In parts 1 and 2 of this ‘Waking up to Society’s chronic sleep deprivation’ series, we have covered why sleep is so crucial for sustaining life, and the detrimental effects of sleep deprivation that is plaguing developed nations.

Finally, in this article, we will be going through eight easy ways to maximise sleep quality and duration each night. Some are obvious that you may have heard before, others less known.

  1. Time in bed
    If there is nothing else you implement from this list, at least implement this one. Sufficient time in bed (8.5+ hours) allows the opportunity for a full eight hour’s sleep a night. This is such an easy, guaranteed method for improved sleep, yet night after night, people find themselves absorbed on netflix or their phone to leave themselves much less than 8 hours in bed before having to get up the next morning.Early in the night, calculate backwards what time you need to be in bed to allow 8.5 hours before getting up, and ensure you plan your night to make it on time (Ideally gadget-free), no exceptions.
  1. Stick to a sleep schedule
    Your circadian rhythm is an internal 24-hour clock that is based on the day/night cycle of the earth’s orbit. By going to bed and waking up at similar times each day, you can train your circadian rhythm to set your recycle rate within those timeframes, so sleepy hormones are released when you’re ready for bed, and waking-up hormones released around your waking time. This is incredibly powerful in improving time taken to fall asleep, sleep quality and arguably more importantly, ease of waking up in the mornings.
  1. Avoid caffeine completely if possible, or only drink it early in the day.
    You all already know that caffeine is a stimulant, which prevent you from not only falling asleep, but also having deep, uninterrupted sleep. But did you know that caffeine has a half–life of 6 hours. Meaning that if you have a coffee at 9am in the morning, there’s still a quarter of the caffeine in your system at 9pm that night, interrupting the natural release of melatonin which is the hormone necessary for you to fall asleep! In addition, caffeine is a diuretic which causes bladder irritation and increases urinary frequency, especially at night for some people.For example, one ELITE client used get up 3-4 times each night for the bathroom, which would quash his energy and training severely. After trialling reducing his coffee intake from three to one a day, there was still no difference noted. However, after taking it one step further and cutting out coffee completely for four whole weeks, did his night-time urinary frequency start to reduce. He is now able to sleep uninterrupted the whole night.
  1. Avoid alcoholic beverages late in the day
    Similarly to caffeine, alcohol is a stimulant that is known to suppress REM sleep, consequently leaving an individual with fragmented, light sleep. Sometimes, a beverage or two is harmless but heavy consumption will cause not only poor quality sleep, but also unpleasant physiological and psychological symptoms into the next day, known as the common hangover.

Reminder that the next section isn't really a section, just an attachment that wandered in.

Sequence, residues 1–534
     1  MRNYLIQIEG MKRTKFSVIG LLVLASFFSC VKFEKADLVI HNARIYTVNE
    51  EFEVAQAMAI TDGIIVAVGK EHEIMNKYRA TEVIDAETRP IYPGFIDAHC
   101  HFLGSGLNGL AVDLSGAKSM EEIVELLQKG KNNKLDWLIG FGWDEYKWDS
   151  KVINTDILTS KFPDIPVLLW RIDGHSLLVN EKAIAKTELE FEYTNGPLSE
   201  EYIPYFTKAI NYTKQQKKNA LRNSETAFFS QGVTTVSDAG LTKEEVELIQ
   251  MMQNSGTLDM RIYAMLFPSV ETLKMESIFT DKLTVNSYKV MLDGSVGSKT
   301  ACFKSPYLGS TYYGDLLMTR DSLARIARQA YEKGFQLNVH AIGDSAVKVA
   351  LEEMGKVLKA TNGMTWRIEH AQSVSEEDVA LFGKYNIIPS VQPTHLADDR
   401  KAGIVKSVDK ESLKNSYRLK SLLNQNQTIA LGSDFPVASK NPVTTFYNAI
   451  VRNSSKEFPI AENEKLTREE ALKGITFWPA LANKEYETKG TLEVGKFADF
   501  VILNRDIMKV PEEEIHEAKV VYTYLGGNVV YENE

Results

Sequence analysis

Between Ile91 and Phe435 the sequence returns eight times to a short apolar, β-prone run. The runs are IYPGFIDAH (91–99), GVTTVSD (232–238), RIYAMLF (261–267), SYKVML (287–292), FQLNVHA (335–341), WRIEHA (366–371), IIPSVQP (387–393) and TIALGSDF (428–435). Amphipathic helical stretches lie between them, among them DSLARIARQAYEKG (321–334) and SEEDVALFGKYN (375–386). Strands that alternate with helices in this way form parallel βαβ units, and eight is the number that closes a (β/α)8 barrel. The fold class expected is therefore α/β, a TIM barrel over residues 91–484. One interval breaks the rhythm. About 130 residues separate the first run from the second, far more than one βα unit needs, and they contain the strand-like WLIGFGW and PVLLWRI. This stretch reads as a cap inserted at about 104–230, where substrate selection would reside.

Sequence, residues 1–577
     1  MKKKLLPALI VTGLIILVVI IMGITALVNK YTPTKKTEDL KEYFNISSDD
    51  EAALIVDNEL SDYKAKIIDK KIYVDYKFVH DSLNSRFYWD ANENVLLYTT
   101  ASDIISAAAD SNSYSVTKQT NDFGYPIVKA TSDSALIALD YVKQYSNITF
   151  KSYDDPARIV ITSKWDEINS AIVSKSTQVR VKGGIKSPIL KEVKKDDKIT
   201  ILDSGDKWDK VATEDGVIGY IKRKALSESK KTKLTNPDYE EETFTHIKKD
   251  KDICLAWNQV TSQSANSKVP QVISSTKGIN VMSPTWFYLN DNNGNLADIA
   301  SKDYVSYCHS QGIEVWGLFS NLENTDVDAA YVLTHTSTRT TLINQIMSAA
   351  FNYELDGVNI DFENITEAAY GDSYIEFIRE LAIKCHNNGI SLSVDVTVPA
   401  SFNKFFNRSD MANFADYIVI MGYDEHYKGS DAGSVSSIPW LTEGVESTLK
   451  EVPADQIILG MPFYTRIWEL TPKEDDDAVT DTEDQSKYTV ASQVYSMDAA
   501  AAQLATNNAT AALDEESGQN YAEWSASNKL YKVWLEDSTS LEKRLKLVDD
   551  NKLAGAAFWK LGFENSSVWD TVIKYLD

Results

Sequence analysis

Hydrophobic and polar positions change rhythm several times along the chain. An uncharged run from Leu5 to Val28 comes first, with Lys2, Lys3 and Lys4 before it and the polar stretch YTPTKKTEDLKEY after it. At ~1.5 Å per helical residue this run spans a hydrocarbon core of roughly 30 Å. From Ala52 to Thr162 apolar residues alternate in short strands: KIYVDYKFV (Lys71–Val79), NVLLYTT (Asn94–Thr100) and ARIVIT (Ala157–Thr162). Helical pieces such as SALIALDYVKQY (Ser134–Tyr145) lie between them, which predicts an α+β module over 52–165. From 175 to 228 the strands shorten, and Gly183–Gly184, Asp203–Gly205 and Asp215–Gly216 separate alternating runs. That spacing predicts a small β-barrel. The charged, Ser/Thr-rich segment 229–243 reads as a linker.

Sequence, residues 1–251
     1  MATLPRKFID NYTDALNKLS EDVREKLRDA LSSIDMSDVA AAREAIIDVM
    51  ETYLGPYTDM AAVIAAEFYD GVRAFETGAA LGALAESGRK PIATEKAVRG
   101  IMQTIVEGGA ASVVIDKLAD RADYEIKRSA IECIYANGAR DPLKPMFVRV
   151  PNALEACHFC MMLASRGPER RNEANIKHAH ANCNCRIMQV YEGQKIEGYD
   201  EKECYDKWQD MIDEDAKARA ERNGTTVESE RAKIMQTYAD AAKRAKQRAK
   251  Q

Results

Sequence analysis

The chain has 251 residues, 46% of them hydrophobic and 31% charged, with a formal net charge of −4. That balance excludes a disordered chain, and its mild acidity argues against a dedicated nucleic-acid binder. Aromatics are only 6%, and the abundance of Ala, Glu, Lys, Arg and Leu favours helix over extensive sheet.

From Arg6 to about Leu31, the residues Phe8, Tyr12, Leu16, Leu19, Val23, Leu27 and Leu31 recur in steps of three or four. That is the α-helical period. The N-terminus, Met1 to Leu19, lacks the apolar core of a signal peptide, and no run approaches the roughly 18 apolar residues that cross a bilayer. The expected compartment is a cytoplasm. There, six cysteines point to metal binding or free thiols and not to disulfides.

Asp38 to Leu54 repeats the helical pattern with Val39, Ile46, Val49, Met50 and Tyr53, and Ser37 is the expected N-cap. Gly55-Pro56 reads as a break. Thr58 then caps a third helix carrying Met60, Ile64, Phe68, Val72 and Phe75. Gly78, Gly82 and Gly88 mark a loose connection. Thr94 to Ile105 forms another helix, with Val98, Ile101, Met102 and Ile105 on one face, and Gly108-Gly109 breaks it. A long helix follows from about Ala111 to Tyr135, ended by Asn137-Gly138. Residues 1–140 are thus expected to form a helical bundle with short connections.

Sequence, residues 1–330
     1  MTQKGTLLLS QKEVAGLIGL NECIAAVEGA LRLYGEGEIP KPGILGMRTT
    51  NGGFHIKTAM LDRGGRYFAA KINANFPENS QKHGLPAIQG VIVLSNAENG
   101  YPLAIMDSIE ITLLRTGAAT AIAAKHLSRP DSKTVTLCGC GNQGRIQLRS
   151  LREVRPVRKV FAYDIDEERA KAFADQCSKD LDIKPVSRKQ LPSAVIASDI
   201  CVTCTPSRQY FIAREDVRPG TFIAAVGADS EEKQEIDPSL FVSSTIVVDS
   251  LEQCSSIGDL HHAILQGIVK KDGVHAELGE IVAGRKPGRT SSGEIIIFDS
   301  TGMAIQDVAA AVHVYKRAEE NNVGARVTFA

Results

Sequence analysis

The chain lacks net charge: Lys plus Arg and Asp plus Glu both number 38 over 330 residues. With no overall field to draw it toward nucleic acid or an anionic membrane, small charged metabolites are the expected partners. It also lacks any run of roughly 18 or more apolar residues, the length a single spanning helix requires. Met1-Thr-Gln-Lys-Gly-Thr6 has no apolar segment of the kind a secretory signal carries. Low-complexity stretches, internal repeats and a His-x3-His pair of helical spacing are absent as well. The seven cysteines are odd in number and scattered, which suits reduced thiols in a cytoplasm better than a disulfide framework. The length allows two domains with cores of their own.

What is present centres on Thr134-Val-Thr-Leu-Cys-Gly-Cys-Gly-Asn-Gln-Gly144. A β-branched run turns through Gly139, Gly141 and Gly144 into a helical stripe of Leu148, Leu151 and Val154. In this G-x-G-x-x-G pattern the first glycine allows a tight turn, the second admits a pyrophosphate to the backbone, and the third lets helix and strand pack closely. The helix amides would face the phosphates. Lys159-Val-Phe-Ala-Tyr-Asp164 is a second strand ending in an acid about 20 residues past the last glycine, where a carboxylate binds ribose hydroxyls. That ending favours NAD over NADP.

1. Train early in the day
    Training late at night releases adrenaline and endorphins, which activates the ‘fight or flight’ system for hyperarousal and alertness. Since this will delay the onset of sleep, it’s best to train early in the day. I’ve noticed this phenomenon quite obviously after starting soccer recently, which are scheduled 7-9pm games. I’ll always have a harder time falling asleep those nights.
  1. Keep the room dark and cool
    In order to induce sleep, body temperature must drop by approximately 1 degree celcius. Darkness indicates to the brain that it is nighttime and melatonin release is signalled for sleep onset. Keeping your bedroom dark and cool is the optimal environment for a good night’s sleep.
  1. Unwind for the last hour of the day (Ideally gadget-free)
    Unwinding for the last hour of the day encourages the parasympathetic nervous system to prepare for sleep. Unwinding is best without technology, as the blue light from tvs, phones and laptops have been shown to push back the circadian rhythm by 2-3 hours through reducing melatonin concentration by up to 50%.If you want to fall asleep as soon as you put away your phone at night, it may be hard as your melatonin levels haven’t started rising yet. This is why you may spend half an hour or more tossing and turning before slipping into sleep. Instead of using technology before bed, have a hot bath, read a book, write in a journal, listen to a podcast, reflect on the day or plan for tomorrow.
  1. Get sunlight during the day
    As much as we talk about reducing blue light at night from technology, what about obtaining sufficient sunlight throughout the day to consolidate the circadian rhythm. It’s often reported that sleep quality is generally worse during winter, and that is more than likely due to lack of sunlight. I suggest you make the time to get 1-2 hours sunlight during the day, whether it’s going for a walk, having lunch or doing work outdoors.

Now to implement
I’m sure you have heard many of these tips before, but how many have you consciously implemented into your life? How many of you have read these things in an article, then forgotten about them almost immediately to simply continue with your usual routine? Remember… Knowledge is not power, implementation is power.

My challenge for you is to change 1-2 of the above right away, if not TONIGHT. I promise you can change your life as soon as you prioritise sleep. Feel free to send me a message to thank me later 😉